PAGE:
Senator Elizabeth Warren on Judges

This is another installment of an ongoing series of posts summarizing 2020 Democratic presidential candidates' views on judges and the courts.  All posts in this series can be viewed here.


On Neil Gorsuch:     Voted No.[1]  

  • “They stole a Supreme Court seat, and they’ve installed union-buster Neil Gorsuch on the bench. And now their investment is paying off.” [2]
  • “Republicans and their billionaire buddies have pushed through judges like Justice Gorsuch to rig the system against workers. They can use a stolen Supreme Court seat to try to break the backs of unions and deliver punch after punch to working people—but we will fight back.” [3]


On Brett Kavanaugh:     Voted No. [4]

  • “He is the ‘trifecta’ for Trump, someone who will be committed to overturning Roe v. Wade, someone who will be committed to rolling back health care for millions of Americans, and someone who, it looks pretty likely, will help Donald Trump if he gets into serious criminal trouble." [5]
  • “Brett Kavanaugh's record as a judge and lawyer is clear: hostile to health care for millions, opposed to the CFPB & corporate accountability, thinks Presidents like Trump are above the law – and conservatives are confident that he would overturn Roe v. Wade. I'll be voting no.” [6]


Her opposition to Trump’s judicial nominees:     Voted against Trump judicial nominations 81% of the time.[7]    

  • In a Senate floor speech, she stated “President Trump has been all in, nominating extreme and partisan judges to the federal judiciary at lightning speed.  Trump judges can easily fill a who’s who of radical, right-wing, pro-corporate lawyers….” [8]
  • “Republicans know that every time they try to lock voters out of the democratic process, they will be challenged in the courts.  But they have a plan for that.  They have been working at breakneck speed to stack federal courts with a cadre of conservative federal judges whose record show they have no intention of protecting our democracy.” [9]


Position on expanding the Supreme Court

On March 18, 2019, Senator Warren informed Politico that she was open to expanding the U.S. Supreme Court.  She said, “It’s not just about expansion, it’s about depoliticizing the Supreme Court” and also mentioned bringing appellate judges onto Supreme Court cases as an option. “It’s a conversation that’s worth having,” she added. [10]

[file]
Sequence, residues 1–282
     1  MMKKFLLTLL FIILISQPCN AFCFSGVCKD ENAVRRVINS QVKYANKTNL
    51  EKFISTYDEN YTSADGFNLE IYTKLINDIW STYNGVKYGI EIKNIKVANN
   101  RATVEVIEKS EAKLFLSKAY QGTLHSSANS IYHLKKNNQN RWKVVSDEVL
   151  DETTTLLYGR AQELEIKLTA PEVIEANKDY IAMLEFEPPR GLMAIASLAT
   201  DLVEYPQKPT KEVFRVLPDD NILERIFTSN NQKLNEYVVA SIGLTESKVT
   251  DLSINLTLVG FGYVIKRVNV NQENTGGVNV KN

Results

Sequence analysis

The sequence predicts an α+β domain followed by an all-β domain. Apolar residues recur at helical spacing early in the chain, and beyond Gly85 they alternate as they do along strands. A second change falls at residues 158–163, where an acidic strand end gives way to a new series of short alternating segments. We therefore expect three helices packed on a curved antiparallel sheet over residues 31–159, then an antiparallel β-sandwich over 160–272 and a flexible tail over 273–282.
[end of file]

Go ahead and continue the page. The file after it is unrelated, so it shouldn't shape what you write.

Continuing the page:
What kind of Supreme Court justice would she appoint?

She has argued that our courts are dominated by corporate lawyers, saying, “It matters that someone has represented people other than corporate clients. That they've had real experience with people who can't afford lawyers. That they've had real experience trying to fight for the public interest.”  [11]


Her views about the role of the courts

She believes the American justice system is unjust and broken:  we need to “put judges on the federal bench who are fair, impartial, and committed to dispensing equal justice under law.  Fair and impartial judges are supposed to stand up for justice when prosecutors try to ruin someone’s life over allegedly grabbing seven bucks from the cash register.  They’re supposed to stand up for justice when consumers and workers seek a day in court against giant companies that injure them.  But the judges before the Senate this week don’t stand up for justice.  Instead they stand up for the powerful against the people who desperately need someone who will be fair even to those who don’t have money.”[12]


Last Updated: May 7, 2019


Works Cited:

[1] RCV No. 111:



[4] RCV No. 223:



[7] As of May 6, 2019, Senator Warren voted against Trump’s judicial nominees 63 out of 78 times in roll call votes for federal judge confirmations including the U.S. Supreme Court. (115th Congress, First Session RCV Nos. 111, 137, 158, 164, 182, 188, 207, 251, 253, 255, 257, 259, 261, 280, 281, 283, 313, 315, 317); (115th Congress, Second Session RCV Nos. 3, 5, 7, 9, 27, 38, 42, 46, 47, 49, 65, 82, 87, 89, 92, 93, 94, 95, 113, 115, 117, 145, 160, 174, 183, 185, 200, 204, 223, 231, 232, 233, 234, 235, 236, 237, 238, 239, 258); (116th Congress, First Session RCV Nos. 29, 35, 37, 39, 42, 44, 46, 52, 54, 62, 64, 66, 68, 73, 75, 85, 87, 91, 92, 93).